...We have identified thematic concerns that people have, such as how can we do the TPP in a way that really assists small and medium sized enterprises, how we can contribute to development and how we can contribute to improved regulatory coherence. The regulatory coherence is what I am coming to, and there are a couple of other ones as well.

Regulatory coherence is this issue that says that really what people need to do is not necessarily to have the same regulatory systems, because people are not necessarily going to do that; what they need to do is have some coherence and opportunities for people to contribute to preparation and implementation of regulations.

So we are looking at ways in which we can get regulators together from different countries and have processes and commitments in place so that, if you are going to put in place a regulation, you give people an opportunity to understand it and comment on it.[53]

9.56               The requirement for those seeking to join TPP is that they “need to demonstrate commitment to early and comprehensive liberalisation so as to maintain the momentum that has been generated by existing TPP parties”.[54]

Australia-Korea Free Trade Agreement

9.57               The Government is seeking to complete these negotiations in 2011. The proposed agreement is an important one because Korea is our fourth largest trading partner and the aim is to put Australia on an equal footing with the US and EU in the Korean market.[55]

9.58               The agreement will include strong commitments by Korea on the liberalisation of services trade; while Australia will eliminate tariffs on Korean motor vehicles and liberalise the foreign investment requirements.[56]

9.59               When asked about the current progress of negotiations, the Department of Foreign Affairs and Trade commented:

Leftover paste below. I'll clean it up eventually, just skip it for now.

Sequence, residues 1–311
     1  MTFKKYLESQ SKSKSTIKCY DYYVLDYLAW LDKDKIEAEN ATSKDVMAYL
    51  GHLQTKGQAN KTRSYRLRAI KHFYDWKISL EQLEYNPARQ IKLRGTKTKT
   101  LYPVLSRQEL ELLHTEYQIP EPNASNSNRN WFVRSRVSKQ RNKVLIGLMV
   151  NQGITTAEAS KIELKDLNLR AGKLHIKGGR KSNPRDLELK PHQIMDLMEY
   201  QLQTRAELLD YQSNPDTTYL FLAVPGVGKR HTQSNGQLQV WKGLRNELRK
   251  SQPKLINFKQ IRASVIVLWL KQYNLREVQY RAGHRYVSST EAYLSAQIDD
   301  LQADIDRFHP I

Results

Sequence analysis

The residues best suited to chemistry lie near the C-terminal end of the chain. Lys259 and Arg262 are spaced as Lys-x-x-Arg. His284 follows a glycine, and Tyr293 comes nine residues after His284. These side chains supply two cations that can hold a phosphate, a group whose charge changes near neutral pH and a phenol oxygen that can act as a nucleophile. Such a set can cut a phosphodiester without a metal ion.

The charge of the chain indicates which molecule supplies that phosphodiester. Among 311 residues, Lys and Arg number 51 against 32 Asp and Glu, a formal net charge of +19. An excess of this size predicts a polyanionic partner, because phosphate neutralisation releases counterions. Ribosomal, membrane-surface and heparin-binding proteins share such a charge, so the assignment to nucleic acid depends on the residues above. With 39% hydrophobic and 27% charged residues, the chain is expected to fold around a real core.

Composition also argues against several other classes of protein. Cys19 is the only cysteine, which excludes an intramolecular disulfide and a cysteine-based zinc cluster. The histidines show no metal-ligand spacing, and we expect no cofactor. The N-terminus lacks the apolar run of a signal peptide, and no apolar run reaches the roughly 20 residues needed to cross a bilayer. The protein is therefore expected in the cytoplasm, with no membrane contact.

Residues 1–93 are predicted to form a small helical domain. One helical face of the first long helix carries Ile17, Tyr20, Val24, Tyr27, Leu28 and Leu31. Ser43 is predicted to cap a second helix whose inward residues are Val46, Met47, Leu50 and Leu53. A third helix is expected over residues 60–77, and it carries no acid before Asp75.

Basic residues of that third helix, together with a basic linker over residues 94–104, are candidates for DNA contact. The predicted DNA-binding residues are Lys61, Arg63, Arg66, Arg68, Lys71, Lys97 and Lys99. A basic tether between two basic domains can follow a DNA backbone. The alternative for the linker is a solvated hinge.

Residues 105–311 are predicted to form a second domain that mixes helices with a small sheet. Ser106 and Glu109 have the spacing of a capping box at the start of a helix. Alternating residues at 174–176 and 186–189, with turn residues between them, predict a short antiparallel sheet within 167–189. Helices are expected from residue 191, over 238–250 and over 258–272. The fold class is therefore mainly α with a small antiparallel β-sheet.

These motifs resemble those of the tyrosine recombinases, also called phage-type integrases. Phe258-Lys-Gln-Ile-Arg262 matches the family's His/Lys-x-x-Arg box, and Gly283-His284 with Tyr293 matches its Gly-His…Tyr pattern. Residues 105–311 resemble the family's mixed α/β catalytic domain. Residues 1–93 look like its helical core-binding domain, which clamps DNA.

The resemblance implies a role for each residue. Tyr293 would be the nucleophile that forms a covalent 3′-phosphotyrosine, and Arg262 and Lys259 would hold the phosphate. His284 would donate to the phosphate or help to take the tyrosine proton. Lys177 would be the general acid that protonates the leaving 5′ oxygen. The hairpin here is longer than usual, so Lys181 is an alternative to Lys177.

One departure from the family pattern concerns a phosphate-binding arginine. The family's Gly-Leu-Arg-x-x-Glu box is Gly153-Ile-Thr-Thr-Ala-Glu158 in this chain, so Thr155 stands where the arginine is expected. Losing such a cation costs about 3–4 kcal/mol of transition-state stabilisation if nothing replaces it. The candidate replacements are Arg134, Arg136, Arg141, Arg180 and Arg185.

We launched that negotiation relatively recently, in March 2009. We have made very fast progress on both agreeing the treaty text and working through all of the market access—the tariff concessions and the services commitments. We are really in the final phases of that negotiation.

The Prime Minister in her trip to Republic of Korea ... agreed with President Lee that we would have the goal of concluding the negotiations this year. So that is the track that we are all on. We are hoping that we will be able to conclude that agreement very soon, certainly within the time frame agreed by the leaders. That is a very important agreement, needless to say, and you will be hearing more about it in the next inquiry...[57]

9.60               DFAT in evidence to the Sub-Committee said that the negotiations are in their final stages.[58] The completion of negotiations has now assumed some urgency, as the US and Korea have completed negotiations on their FTA and it is only awaiting Congressional approval. If that agreement comes into operation before the Australia/Korea agreement is ready for operation, there could be difficulties for Australian exporters – especially beef exporters.

Japan-Australia Free Trade Agreement

9.61               The negotiations with Japan have been running since 2007. However, late last year, the Japanese Government released a Basic Policy on Comprehensive Economic Partnerships. That policy suggests “a major commitment to fundamental reform of Japan’s agricultural sector”.[59]

9.62               The Japanese Government proposed that, if possible, these negotiations should be completed this year. Whether that is still possible after Japan’s recent natural disaster remains to be seen. However, the Australian Government has agreed to accelerated negotiations that, it says, “...would offer benefits across goods, services and investment”.[60]

9.63               When asked about the current state of negotiations, the Department of Foreign Affairs and Trade acknowledged the difficulties arising from the impacts of the earthquake and tsunami and that Australia had recognised there would be delays: